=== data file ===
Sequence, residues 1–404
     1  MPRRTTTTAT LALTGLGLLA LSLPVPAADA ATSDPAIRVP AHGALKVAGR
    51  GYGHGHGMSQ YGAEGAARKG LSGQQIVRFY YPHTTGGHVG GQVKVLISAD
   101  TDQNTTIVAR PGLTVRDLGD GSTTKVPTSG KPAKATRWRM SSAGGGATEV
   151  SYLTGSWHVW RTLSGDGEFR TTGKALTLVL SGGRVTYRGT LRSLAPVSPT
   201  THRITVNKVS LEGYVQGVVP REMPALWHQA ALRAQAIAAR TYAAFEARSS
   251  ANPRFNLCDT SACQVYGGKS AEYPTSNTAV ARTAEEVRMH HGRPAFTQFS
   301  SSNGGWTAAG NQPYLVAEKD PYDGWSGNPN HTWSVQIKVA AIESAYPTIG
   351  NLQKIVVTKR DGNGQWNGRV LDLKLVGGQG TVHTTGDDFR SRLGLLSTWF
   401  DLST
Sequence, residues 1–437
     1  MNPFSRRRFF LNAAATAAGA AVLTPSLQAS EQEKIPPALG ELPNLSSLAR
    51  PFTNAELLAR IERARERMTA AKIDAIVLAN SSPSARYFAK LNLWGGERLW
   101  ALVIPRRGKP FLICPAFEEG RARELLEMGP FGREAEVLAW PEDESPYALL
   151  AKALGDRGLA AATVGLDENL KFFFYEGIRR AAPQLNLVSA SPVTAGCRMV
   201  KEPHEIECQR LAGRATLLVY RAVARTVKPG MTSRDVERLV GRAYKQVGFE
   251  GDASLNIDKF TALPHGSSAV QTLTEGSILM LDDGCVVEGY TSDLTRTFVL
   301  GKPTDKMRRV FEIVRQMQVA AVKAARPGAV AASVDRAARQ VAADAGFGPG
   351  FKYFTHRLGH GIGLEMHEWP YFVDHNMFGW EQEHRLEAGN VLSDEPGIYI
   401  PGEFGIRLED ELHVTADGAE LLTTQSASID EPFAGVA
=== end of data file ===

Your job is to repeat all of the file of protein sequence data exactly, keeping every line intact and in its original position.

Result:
Sequence, residues 1–404
     1  MPRRTTTTAT LALTGLGLLA LSLPVPAADA ATSDPAIRVP AHGALKVAGR
    51  GYGHGHGMSQ YGAEGAARKG LSGQQIVRFY YPHTTGGHVG GQVKVLISAD
   101  TDQNTTIVAR PGLTVRDLGD GSTTKVPTSG KPAKATRWRM SSAGGGATEV
   151  SYLTGSWHVW RTLSGDGEFR TTGKALTLVL SGGRVTYRGT LRSLAPVSPT
   201  THRITVNKVS LEGYVQGVVP REMPALWHQA ALRAQAIAAR TYAAFEARSS
   251  ANPRFNLCDT SACQVYGGKS AEYPTSNTAV ARTAEEVRMH HGRPAFTQFS
   301  SSNGGWTAAG NQPYLVAEKD PYDGWSGNPN HTWSVQIKVA AIESAYPTIG
   351  NLQKIVVTKR DGNGQWNGRV LDLKLVGGQG TVHTTGDDFR SRLGLLSTWF
   401  DLST
Sequence, residues 1–437
     1  MNPFSRRRFF LNAAATAAGA AVLTPSLQAS EQEKIPPALG ELPNLSSLAR
    51  PFTNAELLAR IERARERMTA AKIDAIVLAN SSPSARYFAK LNLWGGERLW
   101  ALVIPRRGKP FLICPAFEEG RARELLEMGP FGREAEVLAW PEDESPYALL
   151  AKALGDRGLA AATVGLDENL KFFFYEGIRR AAPQLNLVSA SPVTAGCRMV
   201  KEPHEIECQR LAGRATLLVY RAVARTVKPG MTSRDVERLV GRAYKQVGFE
   251  GDASLNIDKF TALPHGSSAV QTLTEGSILM LDDGCVVEGY TSDLTRTFVL
   301  GKPTDKMRRV FEIVRQMQVA AVKAARPGAV AASVDRAARQ VAADAGFGPG
   351  FKYFTHRLGH GIGLEMHEWP YFVDHNMFGW EQEHRLEAGN VLSDEPGIYI
   401  PGEFGIRLED ELHVTADGAE LLTTQSASID EPFAGVA